Crepe Myrtle High School/J.S. Slocum High School History
Crepe Myrtle High School, later renamed J.S. Slocum High, was opened for black students in Pineville communities including Wardville, Smithville, and Ruby. It opened despite the 1955 Supreme Court decision, made more than a decade earlier, that school systems should desegregate.
“They are very positive memories surrounding the school even under the circumstances and the reasons we ended up being there,” said Pineville Mayor Clarence Fields, a member of the school’s last graduating class. “For us, it was home.”
The school only graduated seven classes before closing in 1973, four years after white students were assigned to the school under a mandatory desegregation plan for Rapides Parish schools. The first graduating class had about 30 students.
“We were very elated that we got a high school in Pineville for blacks,” Pineville resident Johnetta Compton Williams said. “Our parents and a civil rights organization called ‘Help Planners’ worked very hard to get us a black high school over here because we were attending Peabody High School (in Alexandria).”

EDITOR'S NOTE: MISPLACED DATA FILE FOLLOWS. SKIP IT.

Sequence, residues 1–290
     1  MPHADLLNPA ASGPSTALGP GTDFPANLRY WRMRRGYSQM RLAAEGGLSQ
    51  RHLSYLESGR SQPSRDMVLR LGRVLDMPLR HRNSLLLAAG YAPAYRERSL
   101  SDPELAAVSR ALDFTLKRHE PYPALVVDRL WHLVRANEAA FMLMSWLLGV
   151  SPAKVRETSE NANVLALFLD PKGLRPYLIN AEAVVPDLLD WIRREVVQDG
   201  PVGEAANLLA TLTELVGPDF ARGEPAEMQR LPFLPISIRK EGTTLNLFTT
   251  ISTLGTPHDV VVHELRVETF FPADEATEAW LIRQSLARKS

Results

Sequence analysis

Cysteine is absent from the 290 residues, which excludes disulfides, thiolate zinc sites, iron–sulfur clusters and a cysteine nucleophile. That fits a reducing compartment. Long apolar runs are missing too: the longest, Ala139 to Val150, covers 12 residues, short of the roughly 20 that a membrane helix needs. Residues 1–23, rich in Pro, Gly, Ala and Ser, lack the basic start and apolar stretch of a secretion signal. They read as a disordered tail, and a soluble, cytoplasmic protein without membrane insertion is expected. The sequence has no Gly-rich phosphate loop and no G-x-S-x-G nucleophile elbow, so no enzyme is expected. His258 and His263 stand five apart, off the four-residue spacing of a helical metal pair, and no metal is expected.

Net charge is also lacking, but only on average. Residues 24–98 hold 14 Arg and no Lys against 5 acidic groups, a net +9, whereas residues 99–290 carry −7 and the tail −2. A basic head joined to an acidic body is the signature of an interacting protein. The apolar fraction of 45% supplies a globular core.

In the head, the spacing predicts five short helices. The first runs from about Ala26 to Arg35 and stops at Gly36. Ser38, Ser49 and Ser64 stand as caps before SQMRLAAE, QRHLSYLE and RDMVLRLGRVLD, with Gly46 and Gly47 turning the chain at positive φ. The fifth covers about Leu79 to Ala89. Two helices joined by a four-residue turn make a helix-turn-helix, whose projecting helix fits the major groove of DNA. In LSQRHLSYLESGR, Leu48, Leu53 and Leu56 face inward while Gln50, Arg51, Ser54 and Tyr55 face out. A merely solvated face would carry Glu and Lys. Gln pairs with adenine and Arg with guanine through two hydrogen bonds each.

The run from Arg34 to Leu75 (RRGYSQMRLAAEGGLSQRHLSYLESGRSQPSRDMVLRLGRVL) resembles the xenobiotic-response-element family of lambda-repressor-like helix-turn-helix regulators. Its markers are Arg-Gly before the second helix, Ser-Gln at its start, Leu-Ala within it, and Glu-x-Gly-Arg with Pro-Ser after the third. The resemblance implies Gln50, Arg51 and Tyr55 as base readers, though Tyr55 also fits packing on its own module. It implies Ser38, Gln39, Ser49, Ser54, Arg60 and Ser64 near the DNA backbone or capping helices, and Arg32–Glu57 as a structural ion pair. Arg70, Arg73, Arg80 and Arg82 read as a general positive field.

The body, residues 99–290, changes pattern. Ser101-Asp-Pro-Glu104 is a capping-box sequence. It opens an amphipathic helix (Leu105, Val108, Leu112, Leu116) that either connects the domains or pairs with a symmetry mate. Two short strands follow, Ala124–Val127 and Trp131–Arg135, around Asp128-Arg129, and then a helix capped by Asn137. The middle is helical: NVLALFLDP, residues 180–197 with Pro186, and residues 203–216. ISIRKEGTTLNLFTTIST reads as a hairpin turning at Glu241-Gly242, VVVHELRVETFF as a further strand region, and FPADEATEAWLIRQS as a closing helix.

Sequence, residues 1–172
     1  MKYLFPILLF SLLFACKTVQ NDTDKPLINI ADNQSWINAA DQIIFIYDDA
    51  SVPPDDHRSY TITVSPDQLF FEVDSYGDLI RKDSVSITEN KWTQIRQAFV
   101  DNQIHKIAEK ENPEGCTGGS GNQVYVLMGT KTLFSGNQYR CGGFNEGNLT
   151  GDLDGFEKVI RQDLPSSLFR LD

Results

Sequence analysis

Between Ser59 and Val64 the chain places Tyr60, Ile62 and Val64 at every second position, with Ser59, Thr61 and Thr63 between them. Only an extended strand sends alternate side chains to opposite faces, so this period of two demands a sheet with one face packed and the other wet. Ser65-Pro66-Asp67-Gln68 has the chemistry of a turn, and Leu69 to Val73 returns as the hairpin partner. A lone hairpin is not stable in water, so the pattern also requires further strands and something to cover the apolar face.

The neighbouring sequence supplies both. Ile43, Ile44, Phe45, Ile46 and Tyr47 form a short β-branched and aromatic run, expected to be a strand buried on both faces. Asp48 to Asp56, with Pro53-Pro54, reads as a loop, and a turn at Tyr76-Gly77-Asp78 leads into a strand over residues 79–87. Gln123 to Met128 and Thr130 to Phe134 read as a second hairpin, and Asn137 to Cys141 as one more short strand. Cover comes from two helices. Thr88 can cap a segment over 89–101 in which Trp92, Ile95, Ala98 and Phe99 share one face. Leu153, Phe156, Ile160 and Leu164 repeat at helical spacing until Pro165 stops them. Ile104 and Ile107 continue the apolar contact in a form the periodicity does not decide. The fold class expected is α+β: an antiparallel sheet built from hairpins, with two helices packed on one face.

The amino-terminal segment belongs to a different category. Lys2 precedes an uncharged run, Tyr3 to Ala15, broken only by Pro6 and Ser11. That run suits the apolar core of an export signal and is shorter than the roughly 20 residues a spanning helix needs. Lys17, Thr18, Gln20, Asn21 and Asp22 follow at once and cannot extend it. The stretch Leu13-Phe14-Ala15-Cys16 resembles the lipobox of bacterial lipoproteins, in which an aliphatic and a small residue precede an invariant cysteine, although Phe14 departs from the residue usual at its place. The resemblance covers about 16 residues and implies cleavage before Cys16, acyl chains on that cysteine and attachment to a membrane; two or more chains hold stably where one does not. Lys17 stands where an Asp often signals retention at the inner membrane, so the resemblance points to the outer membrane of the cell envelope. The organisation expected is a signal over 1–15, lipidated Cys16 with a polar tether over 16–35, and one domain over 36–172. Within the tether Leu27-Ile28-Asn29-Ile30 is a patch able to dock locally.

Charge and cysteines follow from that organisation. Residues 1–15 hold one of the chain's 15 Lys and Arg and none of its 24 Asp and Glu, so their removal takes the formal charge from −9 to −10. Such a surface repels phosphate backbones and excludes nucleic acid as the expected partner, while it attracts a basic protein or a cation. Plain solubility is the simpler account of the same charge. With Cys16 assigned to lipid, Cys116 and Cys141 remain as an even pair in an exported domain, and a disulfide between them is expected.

“We wanted a school in our own area, and we weren’t allowed to go to Pineville High,” said Doretha Jones. “It was a very big deal … and made us want to do better in academics and sports, so our class achieved a lot.”
Jones said the school excelled in sports and belonged to the Louisiana Interscholastic Athletic and Literary Organization, an athletic association that black high schools belonged to before integration.
“A lot of my memories are of the teachers,” Fields said. “They were a special group.”